Morals, Category Errors, and Self-Refutation

In any discussion of morality there is an inherent problem: who defines what is moral?

To answer the question, one necessarily needs to define certain categories. These categories are filled in by facts and presuppositions that ultimately sum up and undergird any ethical system that provides groundwork moral reasoning. There are essentially two positions that people take on morality: it is either relative, sometimes subjective, or objective. Both have inherent problems from a human perspective.

Some, if not the majority of atheists will assume that morality is subjective, that it is dependent upon the person, that is that it is relative. Most often, such relativists will point to two different cultures and observe differences between what they consider to be, or not to be, moral and will conclude that morality is relative. The argumentation is often circular, as they are assuming what they are trying to prove. But this is simply a confusing of categories in that they are confusing how different cultures express morality with what is or is not moral. All cultures necessarily assume that there is a right and wrong way to conduct themselves and the expression of that is expressed in their ethical beliefs and the behaviors that extend from it. To point out differences doesn’t necessarily mean that morality is relative only that the expression is.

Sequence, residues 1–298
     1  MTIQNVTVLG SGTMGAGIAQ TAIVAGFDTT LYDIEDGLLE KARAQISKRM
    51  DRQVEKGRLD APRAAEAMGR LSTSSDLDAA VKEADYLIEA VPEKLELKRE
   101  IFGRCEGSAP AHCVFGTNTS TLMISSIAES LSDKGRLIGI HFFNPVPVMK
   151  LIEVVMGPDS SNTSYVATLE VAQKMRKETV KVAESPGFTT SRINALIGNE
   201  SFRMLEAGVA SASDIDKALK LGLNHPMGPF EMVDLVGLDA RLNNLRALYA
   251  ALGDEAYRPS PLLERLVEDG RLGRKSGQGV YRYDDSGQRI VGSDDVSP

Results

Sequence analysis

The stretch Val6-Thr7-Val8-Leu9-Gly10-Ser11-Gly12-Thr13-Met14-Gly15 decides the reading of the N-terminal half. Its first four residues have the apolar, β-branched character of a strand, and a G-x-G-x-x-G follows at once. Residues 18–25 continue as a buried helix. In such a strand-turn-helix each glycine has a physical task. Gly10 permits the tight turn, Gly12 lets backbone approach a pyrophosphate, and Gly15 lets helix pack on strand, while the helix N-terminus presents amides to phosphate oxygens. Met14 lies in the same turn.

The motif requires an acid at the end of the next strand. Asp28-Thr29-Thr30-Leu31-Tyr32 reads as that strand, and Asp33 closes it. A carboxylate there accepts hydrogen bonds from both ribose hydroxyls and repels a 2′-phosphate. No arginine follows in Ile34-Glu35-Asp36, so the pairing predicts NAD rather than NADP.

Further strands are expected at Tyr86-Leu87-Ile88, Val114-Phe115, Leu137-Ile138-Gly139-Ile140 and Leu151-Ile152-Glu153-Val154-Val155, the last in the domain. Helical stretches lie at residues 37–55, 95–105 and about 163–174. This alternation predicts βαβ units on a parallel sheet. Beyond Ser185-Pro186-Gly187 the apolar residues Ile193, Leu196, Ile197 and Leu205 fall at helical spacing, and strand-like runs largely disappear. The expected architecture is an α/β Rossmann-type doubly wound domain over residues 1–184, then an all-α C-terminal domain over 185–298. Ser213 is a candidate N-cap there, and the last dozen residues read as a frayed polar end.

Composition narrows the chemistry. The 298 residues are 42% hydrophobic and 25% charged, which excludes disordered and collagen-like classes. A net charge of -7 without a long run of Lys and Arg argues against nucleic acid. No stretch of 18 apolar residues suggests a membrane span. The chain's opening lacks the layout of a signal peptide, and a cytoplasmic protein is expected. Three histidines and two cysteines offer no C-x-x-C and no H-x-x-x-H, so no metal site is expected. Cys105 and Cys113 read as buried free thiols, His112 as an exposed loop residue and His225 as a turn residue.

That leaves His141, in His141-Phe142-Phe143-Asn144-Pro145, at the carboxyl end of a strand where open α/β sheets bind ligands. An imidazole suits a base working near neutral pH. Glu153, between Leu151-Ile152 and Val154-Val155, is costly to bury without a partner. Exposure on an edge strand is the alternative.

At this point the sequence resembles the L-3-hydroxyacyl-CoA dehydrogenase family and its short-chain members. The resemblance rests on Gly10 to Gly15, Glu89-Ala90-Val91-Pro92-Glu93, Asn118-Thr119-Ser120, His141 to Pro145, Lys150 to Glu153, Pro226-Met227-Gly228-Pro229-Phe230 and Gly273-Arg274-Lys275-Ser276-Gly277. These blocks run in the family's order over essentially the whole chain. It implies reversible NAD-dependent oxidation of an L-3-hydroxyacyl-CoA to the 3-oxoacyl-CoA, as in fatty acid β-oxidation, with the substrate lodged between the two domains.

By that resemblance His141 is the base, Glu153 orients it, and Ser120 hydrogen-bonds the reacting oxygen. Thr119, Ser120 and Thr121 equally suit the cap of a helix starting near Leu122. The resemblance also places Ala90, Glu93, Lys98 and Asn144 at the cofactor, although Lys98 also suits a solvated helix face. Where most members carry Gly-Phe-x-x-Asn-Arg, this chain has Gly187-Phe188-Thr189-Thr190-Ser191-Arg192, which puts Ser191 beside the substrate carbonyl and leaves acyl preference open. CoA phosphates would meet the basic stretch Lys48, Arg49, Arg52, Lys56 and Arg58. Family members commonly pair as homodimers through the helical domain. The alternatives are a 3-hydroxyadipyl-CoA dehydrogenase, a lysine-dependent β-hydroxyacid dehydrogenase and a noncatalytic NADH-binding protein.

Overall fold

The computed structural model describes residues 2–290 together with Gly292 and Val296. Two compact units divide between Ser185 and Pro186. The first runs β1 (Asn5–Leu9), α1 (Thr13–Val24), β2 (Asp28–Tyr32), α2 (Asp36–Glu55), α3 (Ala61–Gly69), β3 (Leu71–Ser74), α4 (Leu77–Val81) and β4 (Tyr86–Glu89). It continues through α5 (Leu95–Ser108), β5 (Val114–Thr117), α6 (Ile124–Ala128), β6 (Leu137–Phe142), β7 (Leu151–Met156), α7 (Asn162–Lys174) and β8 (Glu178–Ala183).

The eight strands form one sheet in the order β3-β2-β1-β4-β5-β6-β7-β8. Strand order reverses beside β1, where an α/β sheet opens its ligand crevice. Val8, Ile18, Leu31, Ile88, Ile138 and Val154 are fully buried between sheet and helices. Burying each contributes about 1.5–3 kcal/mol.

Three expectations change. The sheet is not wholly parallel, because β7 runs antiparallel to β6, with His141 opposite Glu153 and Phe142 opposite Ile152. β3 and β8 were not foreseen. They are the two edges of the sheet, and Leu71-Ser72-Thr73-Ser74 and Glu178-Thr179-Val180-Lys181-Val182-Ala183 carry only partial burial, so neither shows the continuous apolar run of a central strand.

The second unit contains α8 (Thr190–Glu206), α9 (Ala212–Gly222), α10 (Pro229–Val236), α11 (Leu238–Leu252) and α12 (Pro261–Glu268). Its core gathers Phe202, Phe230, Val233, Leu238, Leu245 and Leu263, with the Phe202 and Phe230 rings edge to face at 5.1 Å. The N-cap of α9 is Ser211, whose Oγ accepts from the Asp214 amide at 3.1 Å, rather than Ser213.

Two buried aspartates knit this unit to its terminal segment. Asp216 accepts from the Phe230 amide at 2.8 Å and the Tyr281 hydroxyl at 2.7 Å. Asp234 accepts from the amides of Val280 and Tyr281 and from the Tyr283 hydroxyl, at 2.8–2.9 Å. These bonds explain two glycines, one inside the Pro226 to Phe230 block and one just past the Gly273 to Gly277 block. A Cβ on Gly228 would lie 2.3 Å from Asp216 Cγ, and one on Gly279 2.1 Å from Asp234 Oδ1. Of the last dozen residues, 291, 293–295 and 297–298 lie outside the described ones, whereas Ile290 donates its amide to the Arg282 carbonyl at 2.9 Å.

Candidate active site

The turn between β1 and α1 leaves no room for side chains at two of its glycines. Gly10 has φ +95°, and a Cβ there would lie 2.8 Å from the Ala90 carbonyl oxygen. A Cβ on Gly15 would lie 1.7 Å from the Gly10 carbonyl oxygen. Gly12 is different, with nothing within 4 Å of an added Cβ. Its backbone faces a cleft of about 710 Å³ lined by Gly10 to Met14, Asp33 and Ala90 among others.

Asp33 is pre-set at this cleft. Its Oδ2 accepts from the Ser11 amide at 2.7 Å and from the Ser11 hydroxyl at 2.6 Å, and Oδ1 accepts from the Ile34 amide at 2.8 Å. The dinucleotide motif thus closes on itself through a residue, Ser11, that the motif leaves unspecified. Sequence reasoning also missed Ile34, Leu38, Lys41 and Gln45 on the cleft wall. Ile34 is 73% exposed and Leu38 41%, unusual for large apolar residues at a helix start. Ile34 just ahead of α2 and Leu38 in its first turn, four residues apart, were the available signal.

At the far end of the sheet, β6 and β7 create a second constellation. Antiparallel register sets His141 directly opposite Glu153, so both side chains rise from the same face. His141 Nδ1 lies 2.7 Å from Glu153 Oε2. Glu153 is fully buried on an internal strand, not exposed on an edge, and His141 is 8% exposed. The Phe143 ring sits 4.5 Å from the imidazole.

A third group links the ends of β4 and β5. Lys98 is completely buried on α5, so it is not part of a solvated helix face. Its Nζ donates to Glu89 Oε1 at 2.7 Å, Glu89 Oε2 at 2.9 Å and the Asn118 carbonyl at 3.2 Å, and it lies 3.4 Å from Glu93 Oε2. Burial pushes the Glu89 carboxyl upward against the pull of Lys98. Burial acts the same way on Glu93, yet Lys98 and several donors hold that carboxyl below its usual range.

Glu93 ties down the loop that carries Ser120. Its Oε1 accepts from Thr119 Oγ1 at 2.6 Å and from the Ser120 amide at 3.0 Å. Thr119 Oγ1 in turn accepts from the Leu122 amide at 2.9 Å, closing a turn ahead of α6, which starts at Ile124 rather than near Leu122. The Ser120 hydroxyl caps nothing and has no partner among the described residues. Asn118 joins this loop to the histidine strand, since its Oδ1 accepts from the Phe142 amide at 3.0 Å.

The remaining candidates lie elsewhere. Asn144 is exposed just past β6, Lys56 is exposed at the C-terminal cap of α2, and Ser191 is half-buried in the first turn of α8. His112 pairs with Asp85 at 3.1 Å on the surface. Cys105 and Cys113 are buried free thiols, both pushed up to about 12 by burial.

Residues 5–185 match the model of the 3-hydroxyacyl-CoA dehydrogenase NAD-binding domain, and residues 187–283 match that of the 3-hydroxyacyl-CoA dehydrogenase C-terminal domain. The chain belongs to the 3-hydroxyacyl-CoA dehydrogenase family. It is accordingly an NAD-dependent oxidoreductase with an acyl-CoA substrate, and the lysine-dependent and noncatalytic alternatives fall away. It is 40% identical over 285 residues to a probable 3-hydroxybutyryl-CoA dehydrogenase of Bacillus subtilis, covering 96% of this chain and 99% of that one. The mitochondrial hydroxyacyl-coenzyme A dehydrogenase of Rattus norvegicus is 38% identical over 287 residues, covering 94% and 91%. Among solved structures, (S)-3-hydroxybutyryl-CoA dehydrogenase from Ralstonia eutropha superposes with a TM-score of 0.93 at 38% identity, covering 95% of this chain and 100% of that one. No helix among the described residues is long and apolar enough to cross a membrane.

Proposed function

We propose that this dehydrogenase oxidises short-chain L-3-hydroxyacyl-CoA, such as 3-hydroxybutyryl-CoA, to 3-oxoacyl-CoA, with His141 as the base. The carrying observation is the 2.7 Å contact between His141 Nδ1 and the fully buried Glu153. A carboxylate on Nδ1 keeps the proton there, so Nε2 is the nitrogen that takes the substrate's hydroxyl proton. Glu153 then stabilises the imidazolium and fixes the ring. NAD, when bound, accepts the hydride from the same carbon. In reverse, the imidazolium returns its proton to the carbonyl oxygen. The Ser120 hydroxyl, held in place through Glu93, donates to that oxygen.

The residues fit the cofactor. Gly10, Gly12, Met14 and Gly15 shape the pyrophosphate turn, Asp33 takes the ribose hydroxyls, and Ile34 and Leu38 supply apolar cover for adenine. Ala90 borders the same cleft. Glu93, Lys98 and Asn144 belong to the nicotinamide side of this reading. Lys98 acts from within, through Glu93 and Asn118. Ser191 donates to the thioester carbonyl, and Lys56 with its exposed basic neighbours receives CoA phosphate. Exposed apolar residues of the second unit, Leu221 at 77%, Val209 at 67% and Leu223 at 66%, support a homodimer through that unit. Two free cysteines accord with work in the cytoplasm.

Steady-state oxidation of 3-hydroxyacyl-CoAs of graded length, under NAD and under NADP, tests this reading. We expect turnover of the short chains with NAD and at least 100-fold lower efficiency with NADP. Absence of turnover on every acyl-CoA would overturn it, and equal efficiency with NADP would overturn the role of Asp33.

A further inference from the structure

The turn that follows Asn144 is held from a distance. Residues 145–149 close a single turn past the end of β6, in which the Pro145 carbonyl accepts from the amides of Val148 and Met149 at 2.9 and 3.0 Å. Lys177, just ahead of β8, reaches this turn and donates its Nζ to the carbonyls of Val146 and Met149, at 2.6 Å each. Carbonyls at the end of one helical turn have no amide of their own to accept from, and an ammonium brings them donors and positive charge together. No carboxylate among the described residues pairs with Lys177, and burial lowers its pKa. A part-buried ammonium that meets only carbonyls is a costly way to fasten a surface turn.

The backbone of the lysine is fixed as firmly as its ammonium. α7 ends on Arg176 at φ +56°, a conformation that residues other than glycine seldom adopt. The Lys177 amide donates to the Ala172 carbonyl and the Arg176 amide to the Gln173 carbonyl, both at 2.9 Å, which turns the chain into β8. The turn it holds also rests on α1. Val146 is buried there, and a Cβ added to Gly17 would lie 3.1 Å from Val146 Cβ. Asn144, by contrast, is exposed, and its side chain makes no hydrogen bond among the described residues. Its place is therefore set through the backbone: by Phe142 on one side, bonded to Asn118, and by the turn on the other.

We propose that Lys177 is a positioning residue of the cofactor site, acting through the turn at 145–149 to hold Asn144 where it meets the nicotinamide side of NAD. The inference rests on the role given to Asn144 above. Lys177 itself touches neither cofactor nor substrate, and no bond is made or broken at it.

We can also look to moral objectivism and say that it also has its problems, especially as it is often presented as being absolute. By stating that there is a moral absolute it poses stumbling blocks and creates a moment for cognitive dissonance and makes morality black and white, rather than reflecting a world of color. It doesn’t allow for movement in life. I’ve taken on this issue on two accounts, here and here.

It would seem that morality lies somewhere in the middle and that it is dependent on a fixed point that is objective, that is to say it is external to us as reference, but has a measure that is personal and relative, giving a person flexibility. That is not to say that it is totally dependent upon the person, but the person is dependent upon the reference to provide direction in any given instance. Making it not either/or but both/and.

Where can I find an illustration of the reality of this fact? I know!

Neil Carter, over at the blog “Godless in Dixie”, provides an excellent example to study the category error that many atheists make in his blog post, “Finding Good Without God“. He bases his observation on a MacGuffin in the movie series Pirates of the Caribbean which he had just seen with his daughter. If you are familiar with the film series, the wily, rum-loving protagonist Captain Jack Sparrow possesses a compass that doesn’t point to north but points to what is desired. To that, Neil writes,

The fictitious compass represents a bit of delicious irony in that a compass is supposed to be nothing if not an objective guide to help you navigate the open sea. Devoid of landmarks or stars or sun under a cloudy sky, you can use a normal compass to discern which way is north, and by that heading, a seafaring crew can set their course toward whatever destination merits their weeks of perilous travel across often hostile waters.

Mm, not quite an “objective guide“, rather something that points to that which is objective, that is a compass normally indicates magnetic north. But he continues,

I am persuaded [Sparrow’s compass] illustrates an irony that is not fictitious at all, namely that our moral systems of guidance are no more objective than the compass Jack Sparrow carries around with him on his many misadventures. (Emphasis original)